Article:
Motion made, and Question proposed,
That a Supplementary sum, not exceeding £5,300, be granted to His Majesty, to defray the Charge which will come in course of payment during the year ending on the 31st day of March, 1919, for the Survey of the United Kingdom, and for minor services connected therewith.
§ Mr. HOGGE
If the Committee will look at the notes at the bottom of page 5 they will see that £3,500 is to be taken for the pay and allowances of non-commissioned officers and sappers. I have looked back to the original Estimate, and find it was for three non-commissioned officers and only two sappers. I think we ought to have some explanation from the Committee as to what they mean to do in the forthcoming year. In the same way I find that in Item C the original Estimate was for 1,348 civil assistants and 100 other assistants. I should like to know what the Committee are now going to do in that way. Will they take the £1,300 for them? It would save a good deal of time if someone who knows the business of the Committee would say what the extra money is taken for and how they mean to spend it.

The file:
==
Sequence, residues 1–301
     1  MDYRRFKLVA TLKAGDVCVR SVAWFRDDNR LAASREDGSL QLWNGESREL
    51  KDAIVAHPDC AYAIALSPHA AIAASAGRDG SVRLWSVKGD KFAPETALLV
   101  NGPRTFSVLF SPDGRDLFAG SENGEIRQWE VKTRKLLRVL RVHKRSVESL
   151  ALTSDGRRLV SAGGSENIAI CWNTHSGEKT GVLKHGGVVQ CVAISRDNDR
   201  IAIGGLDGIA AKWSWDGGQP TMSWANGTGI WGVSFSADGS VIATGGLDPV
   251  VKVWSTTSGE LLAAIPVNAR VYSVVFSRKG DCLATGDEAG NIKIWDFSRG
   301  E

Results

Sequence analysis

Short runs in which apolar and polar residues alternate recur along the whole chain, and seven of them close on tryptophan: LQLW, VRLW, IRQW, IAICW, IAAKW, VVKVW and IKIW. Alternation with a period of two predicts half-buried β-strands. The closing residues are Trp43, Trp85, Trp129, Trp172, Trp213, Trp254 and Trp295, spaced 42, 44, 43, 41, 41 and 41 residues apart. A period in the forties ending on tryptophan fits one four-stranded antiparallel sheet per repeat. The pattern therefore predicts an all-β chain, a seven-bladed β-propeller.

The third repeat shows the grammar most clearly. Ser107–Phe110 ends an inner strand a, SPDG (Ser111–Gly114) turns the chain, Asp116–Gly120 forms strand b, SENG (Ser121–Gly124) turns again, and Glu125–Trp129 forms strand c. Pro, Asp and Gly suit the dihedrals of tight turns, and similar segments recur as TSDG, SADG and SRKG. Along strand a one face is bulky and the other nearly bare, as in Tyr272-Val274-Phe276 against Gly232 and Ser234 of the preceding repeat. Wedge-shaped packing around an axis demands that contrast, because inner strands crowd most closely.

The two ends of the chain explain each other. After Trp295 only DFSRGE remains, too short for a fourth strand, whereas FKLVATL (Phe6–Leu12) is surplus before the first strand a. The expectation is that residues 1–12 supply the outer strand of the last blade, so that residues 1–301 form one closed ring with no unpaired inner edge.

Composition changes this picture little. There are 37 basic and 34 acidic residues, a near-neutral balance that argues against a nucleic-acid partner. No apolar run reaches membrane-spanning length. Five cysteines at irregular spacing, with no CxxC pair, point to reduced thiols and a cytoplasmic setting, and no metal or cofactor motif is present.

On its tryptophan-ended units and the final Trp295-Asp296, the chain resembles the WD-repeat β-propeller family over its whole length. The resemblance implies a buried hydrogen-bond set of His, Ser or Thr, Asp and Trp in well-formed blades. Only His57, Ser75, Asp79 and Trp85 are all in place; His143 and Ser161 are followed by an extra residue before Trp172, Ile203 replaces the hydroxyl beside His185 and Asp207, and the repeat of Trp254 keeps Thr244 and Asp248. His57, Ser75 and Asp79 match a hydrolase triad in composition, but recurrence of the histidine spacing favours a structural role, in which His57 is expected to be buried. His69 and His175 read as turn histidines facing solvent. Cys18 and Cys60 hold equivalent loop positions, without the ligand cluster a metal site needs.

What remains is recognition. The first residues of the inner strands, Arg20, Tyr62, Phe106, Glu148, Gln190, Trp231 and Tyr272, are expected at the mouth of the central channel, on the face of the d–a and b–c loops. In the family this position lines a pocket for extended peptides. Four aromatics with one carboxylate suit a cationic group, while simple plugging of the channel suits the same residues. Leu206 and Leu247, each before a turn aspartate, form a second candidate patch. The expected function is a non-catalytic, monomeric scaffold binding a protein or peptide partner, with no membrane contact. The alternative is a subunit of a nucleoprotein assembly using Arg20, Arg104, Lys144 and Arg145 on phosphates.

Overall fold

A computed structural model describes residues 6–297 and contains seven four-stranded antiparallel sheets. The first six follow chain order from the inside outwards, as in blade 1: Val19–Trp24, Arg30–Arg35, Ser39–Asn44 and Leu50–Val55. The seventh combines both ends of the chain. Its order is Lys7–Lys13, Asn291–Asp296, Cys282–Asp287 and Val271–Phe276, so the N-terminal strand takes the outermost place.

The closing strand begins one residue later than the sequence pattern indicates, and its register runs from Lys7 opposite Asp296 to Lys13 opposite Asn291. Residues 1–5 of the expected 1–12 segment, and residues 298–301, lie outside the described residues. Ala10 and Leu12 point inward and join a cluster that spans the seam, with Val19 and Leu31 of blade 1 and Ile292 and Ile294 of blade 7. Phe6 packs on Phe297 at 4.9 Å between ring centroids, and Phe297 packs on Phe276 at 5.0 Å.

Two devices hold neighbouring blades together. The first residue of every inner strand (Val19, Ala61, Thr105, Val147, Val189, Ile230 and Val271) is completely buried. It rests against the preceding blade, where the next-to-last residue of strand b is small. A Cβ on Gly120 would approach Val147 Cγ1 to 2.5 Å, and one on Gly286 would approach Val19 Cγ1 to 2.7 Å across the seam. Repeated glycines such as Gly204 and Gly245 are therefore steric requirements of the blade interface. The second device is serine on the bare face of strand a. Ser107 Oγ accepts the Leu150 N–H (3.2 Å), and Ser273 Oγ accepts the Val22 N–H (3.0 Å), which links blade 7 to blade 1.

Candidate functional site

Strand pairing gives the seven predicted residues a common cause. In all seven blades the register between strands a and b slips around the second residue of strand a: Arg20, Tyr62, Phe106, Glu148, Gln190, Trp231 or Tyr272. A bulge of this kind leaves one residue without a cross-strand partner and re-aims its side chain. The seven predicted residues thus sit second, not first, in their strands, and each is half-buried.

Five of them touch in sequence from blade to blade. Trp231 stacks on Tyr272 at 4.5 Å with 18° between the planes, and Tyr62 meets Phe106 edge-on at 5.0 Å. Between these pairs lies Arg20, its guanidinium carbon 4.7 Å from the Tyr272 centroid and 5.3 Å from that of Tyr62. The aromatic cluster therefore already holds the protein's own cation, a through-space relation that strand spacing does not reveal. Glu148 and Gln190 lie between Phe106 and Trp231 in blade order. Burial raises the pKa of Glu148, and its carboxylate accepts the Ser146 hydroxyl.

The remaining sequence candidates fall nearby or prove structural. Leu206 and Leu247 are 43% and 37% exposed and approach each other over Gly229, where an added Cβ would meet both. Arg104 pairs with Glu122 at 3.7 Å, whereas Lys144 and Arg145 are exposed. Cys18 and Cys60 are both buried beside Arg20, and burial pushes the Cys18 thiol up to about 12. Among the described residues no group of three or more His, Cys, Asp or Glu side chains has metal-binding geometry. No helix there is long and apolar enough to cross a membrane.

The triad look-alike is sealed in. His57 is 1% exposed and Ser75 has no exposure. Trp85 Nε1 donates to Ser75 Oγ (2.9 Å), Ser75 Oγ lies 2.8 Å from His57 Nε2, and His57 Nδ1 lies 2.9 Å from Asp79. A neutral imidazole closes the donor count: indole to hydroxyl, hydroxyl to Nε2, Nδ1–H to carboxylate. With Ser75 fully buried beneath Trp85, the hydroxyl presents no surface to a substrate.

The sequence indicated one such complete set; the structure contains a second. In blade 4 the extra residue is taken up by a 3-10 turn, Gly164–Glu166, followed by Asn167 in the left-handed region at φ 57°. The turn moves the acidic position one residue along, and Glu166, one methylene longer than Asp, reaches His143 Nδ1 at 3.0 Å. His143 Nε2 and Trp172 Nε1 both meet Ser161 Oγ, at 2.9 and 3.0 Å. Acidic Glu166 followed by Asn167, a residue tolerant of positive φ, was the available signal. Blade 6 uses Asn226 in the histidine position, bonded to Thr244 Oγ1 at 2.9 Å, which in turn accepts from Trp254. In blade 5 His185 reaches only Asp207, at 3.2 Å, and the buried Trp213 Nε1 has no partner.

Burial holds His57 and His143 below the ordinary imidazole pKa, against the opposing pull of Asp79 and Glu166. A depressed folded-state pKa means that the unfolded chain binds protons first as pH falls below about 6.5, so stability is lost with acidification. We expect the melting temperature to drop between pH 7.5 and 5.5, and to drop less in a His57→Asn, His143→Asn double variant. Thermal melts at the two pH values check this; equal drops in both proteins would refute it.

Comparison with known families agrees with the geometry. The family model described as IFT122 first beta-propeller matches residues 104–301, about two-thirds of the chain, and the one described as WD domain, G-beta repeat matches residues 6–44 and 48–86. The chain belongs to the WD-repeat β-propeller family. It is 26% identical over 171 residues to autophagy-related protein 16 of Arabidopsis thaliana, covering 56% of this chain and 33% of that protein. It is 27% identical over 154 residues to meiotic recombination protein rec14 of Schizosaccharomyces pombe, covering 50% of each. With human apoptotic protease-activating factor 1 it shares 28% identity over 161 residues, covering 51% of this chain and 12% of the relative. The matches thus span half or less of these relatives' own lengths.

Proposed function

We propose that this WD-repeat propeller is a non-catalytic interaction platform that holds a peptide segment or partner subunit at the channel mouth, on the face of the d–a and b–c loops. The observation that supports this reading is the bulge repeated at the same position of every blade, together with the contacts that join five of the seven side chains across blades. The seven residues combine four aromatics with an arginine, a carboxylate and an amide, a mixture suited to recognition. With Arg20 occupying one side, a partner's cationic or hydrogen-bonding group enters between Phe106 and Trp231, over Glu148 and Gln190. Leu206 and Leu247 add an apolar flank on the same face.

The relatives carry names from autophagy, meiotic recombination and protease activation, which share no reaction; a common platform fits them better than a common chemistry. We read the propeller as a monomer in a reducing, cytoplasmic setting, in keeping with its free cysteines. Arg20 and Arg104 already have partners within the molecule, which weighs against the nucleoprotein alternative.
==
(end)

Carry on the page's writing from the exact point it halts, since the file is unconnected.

The PARLIAMENTARYSECRETARY to the BOARD OF AGRICULTURE (Sir Arthur Boscawen)
I am responsible in the House for this Vote, and the explanation is quite simple. During the War the work of the Ordnance Survey was largely reduced because they worked principally through non-commissioned officers and sappers of the Royal Engineers, with a certain amount of labourers and civil assistants. During the War, naturally, the Royal Engineers were wanted for military duties, and the work was cut down very materially. Last November the Armistice took place, and the work is being expanded, and, as these men who used to work on the Ordnance Survey and who were temporarily engaged in military operations return, they are taken back on to the Ordnance Survey Vote, and as they come back naturally the number of civil assistants and labourers and others employed in the Ordnance 2010 Survey is correspondingly increased. Of course, when this Estimate was made, it was expected that the War would last for the present financial year. The Armistice and the consequent demobilisation has made it necessary to bring in a Supplementary Estimate. It is hoped by degrees that the Ordnance Survey Department will get back to its original strength and carry out work on a scale similar to what it used to do before the War.
§ General Sir IVOR PHILIPPS
I would like to ask your ruling, Sir, as to raising questions of discontent among the civil assistants for whom pay is now asked in this Vote?
§ The CHAIRMAN
That will come on the main Vote for the year. The present Supplementary Vote is confined strictly to items for which the additional money is required.
§ Sir I. PHILIPPS
Therefore I shall not be in order in raising questions such as how this money is to be employed?
§ The CHAIRMAN
No; the occasion for that would be on the main Estimates for the year or on the Vote on Account.
§ Question put, and agreed to.